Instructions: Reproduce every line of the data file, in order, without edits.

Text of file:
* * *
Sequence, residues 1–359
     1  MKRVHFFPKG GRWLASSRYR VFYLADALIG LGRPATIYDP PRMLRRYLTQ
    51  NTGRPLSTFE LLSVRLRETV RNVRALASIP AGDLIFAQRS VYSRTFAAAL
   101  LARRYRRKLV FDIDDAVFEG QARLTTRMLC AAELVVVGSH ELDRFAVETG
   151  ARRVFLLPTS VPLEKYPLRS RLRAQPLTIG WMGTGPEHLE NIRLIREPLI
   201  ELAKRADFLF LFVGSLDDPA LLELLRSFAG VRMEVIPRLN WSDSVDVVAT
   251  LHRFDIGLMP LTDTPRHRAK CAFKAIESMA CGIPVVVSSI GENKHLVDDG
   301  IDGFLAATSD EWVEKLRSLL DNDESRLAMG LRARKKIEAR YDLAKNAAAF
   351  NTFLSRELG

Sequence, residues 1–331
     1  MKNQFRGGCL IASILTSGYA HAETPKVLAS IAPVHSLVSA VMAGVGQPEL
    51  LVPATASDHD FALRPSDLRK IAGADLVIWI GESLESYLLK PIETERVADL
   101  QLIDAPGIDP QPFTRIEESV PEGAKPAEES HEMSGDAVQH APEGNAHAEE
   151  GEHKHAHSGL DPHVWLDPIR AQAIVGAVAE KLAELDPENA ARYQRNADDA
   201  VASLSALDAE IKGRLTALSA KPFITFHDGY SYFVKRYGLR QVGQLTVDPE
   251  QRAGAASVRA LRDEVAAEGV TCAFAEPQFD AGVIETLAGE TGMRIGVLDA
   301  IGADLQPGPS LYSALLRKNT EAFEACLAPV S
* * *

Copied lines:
Sequence, residues 1–359
     1  MKRVHFFPKG GRWLASSRYR VFYLADALIG LGRPATIYDP PRMLRRYLTQ
    51  NTGRPLSTFE LLSVRLRETV RNVRALASIP AGDLIFAQRS VYSRTFAAAL
   101  LARRYRRKLV FDIDDAVFEG QARLTTRMLC AAELVVVGSH ELDRFAVETG
   151  ARRVFLLPTS VPLEKYPLRS RLRAQPLTIG WMGTGPEHLE NIRLIREPLI
   201  ELAKRADFLF LFVGSLDDPA LLELLRSFAG VRMEVIPRLN WSDSVDVVAT
   251  LHRFDIGLMP LTDTPRHRAK CAFKAIESMA CGIPVVVSSI GENKHLVDDG
   301  IDGFLAATSD EWVEKLRSLL DNDESRLAMG LRARKKIEAR YDLAKNAAAF
   351  NTFLSRELG

Sequence, residues 1–331
     1  MKNQFRGGCL IASILTSGYA HAETPKVLAS IAPVHSLVSA VMAGVGQPEL
    51  LVPATASDHD FALRPSDLRK IAGADLVIWI GESLESYLLK PIETERVADL
   101  QLIDAPGIDP QPFTRIEESV PEGAKPAEES HEMSGDAVQH APEGNAHAEE
   151  GEHKHAHSGL DPHVWLDPIR AQAIVGAVAE KLAELDPENA ARYQRNADDA
   201  VASLSALDAE IKGRLTALSA KPFITFHDGY SYFVKRYGLR QVGQLTVDPE
   251  QRAGAASVRA LRDEVAAEGV TCAFAEPQFD AGVIETLAGE TGMRIGVLDA
   301  IGADLQPGPS LYSALLRKNT EAFEACLAPV S